The author, for all we know, somehow associates the establishment of "foreign schools and university campuses’ with "running away from our identity"! "Foreign or western institutions, no matter how high in stature they might be, would promote western values while failing to make provision for Islamic aspects in their way of teaching", writes the author! It is difficult though to know the logic behind any such assumption. One is inclined to ask: How many ‘foreign or Western’ institutions are already working in our country, on the basis of their impact in terms of imposing Western values on us, as the author concludes that they would promote “Western values while failing to make provision for Islamic aspects in their way of teaching”? Besides what are those harmful ‘Western’ values and what kind of ‘Islamic aspects’ does the author think are in danger of withering away? The author says, “Subject to law and public morality, we in Pakistan encourage the minorities to freely profess and practice their religions and develop their cultures. Not allowing the Muslims to have a public education system of their own, which protects their religion and culture, poses a danger for the ideology of Pakistan.” One is inclined to ask the author,if she could let us know who is not allowing Muslims to have a public education system of their own and thus causing a danger to the “ideology of Pakistan”? Does the author think that by establishing a few university campuses in Islamabad, the Westerners will be able to take hold of our entire public education system; and “cause danger to the ideology of Pakistan”? Isn't is the case that our existing educational system and our curriculum is almost entirely based on 'Western' educational philosophies both in the fields of natural and social sciences? What presently is so 'Eastern' or 'Islamic' about it anyway, that will be endangered by the establishment of a few 'Western' university campuses in Islamabad? What is so rational about wrapping iron curtains around ourselves, our people and our country? Why is our 'identity' so fragile that it cannot stand the weight of a few foreign university campuses? This again belies logic.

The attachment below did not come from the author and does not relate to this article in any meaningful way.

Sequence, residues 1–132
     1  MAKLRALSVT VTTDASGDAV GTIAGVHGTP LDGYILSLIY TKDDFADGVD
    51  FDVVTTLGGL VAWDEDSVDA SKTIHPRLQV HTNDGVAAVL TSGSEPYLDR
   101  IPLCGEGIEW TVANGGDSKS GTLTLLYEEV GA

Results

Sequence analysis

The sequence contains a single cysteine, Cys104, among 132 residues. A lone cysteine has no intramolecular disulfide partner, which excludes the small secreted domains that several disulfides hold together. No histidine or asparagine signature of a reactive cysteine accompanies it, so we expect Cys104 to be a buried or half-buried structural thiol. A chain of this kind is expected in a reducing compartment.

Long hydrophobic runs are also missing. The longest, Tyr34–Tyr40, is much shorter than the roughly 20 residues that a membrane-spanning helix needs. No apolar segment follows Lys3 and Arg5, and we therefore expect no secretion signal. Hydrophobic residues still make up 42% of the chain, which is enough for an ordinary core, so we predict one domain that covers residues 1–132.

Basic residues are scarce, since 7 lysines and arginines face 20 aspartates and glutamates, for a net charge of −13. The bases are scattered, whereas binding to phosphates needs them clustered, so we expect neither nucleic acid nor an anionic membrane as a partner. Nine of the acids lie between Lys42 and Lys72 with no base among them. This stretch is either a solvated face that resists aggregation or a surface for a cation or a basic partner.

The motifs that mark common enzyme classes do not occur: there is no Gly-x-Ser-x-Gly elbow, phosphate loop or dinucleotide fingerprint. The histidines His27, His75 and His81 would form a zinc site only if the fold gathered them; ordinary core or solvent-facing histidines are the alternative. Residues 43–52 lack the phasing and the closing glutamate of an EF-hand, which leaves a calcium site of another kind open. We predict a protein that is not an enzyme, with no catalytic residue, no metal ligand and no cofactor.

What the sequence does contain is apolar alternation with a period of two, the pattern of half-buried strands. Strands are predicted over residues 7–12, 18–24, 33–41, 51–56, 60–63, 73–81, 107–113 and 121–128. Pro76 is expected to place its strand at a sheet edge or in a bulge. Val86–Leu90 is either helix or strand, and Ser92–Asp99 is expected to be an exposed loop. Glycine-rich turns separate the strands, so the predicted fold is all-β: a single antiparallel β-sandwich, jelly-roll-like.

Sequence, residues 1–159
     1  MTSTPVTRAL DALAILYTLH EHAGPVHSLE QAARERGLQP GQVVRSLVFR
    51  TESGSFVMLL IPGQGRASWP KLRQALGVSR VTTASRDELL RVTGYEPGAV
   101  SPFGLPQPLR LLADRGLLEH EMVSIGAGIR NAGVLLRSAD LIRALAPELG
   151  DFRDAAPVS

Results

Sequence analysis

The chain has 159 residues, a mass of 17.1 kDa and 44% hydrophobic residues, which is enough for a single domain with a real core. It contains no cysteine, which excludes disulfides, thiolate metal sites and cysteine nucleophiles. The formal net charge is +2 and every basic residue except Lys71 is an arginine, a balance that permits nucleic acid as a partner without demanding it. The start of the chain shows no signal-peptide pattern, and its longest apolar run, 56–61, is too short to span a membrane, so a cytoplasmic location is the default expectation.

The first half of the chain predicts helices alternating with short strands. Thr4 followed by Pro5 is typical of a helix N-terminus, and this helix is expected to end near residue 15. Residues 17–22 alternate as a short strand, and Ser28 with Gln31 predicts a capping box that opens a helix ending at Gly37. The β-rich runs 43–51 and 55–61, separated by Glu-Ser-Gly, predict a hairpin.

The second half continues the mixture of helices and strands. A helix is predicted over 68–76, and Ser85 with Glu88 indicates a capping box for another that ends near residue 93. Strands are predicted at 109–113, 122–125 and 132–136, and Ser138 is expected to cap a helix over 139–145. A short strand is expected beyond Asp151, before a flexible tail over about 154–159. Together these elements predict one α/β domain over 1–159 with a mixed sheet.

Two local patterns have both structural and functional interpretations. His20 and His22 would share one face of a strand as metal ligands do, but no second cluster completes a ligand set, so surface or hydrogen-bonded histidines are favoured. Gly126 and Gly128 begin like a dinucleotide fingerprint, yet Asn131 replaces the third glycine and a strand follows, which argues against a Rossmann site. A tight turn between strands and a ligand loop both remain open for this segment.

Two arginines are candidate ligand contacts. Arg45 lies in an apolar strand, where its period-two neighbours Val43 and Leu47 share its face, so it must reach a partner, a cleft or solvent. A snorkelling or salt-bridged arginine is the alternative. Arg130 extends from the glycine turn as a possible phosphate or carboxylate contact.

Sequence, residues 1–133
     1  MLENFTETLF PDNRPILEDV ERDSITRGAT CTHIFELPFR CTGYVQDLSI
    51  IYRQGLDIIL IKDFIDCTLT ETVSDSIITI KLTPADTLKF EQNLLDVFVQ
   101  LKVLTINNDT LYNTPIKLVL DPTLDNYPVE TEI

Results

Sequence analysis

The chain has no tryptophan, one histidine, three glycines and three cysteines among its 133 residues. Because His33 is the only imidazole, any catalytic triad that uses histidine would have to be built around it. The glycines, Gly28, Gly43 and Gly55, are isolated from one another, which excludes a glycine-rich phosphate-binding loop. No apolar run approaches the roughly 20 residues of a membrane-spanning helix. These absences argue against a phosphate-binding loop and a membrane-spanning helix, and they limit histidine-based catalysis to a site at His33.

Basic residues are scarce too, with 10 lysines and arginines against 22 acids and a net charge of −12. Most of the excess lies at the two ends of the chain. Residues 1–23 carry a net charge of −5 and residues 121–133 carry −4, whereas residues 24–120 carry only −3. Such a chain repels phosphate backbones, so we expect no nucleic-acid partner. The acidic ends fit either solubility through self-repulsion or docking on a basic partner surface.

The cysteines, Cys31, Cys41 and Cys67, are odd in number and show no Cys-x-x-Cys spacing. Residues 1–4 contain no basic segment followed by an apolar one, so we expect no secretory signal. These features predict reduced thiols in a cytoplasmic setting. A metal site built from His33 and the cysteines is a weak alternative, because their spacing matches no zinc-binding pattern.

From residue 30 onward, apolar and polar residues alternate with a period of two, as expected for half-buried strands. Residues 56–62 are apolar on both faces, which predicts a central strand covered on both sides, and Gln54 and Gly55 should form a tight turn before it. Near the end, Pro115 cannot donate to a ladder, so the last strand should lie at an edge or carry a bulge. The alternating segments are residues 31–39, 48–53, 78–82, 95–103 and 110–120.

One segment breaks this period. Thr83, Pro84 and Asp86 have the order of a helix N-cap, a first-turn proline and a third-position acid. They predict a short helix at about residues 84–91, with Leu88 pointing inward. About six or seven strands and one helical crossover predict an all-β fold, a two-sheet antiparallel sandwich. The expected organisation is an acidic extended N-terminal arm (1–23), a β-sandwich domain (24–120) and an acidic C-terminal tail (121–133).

The real eye-opener is the paragraph where the author says, “Turning back the pages of history… It would be a matter of interest for many to note that Aligarh University initially came into being as a conspiracy against the Muslims in order to produce a pro-western educated lot. It was a tool in the hands of British imperialists and their handful of sympathisers, who wanted to destroy the religion, culture, traditions and values of the people of this region.” Hmmm! so what does the author here think of the ‘original founder’ of the ‘Two Nation Theory’, the very basis for the creation of Pakistan and the founder of the Aligarh movement: Sir Sayyed Ahmad Khan? Was that great Muslim thinker, the originator of the Two-Nation theory, the basis of the demand for Pakistan, a ‘conspirator’ against the Muslims and their identity then? This is immediately followed by a school girl level reasoning (contradiction?), “Today, no one can deny that Aligarh University is a well-reputed institution. However, it has very little to do with the struggle for Pakistan. In the same regard, although, certain leaders from the university became active members of the Pakistan movement, they had different ideologies as compared to the Quaid-i-Azam Mohammad Ali Jinnah and Dr Allama Mohammad Iqbal”. Interesting isn’t it, if one can twist logic to its ultimate limits.
The author subsequently, out of the blue, comes up with a ‘message’ on the value of indigenous education from the Quaid-i-Azam trying to put a stamp of validity and approval on her argument but obviously remaining oblivious to the finishing words of message, “…bring our educational policy and programmes on the lines suited to the genius of our people consonant with our history and culture, and having regard to modern conditions and vast developments that have taken place all over the world [emphasis mine].”
The author in the end has an interesting suggestion for us, “We must rebuild our educational system on the foundations of the Islamia and Jamia Millia schools, colleges and universities”. Well, why go so far back in history? Why not instead follow the models of their recent counterparts which are flourishing in every nook and corner of our blessed country at the moment and the graduates of which are now dragging us back to the cave era in every way they can? The author gives examples of a number of universities, from which campuses should be including in the ‘Education City’, including ‘Khyber University’. I wonder if there is any university in Pakistan by that name. Finally the author comes up with her ultimate piece of wisdom: allowing foreign universities to establish campuses in the "heart" of Pakistan (Islamabad), according to the author is akin to nullifying the very creation of Pakistan! And what does she think about herself writing in ENGLISH, a ‘Western’ language in an English language newspaper which somehow promotes this ‘foreign’ ‘Western’ language? Doesn’t it feel like a conspiracy against our ‘identity’ as well?
The writer is a PhD student at the University of Leicester, UK. Email: email@example.com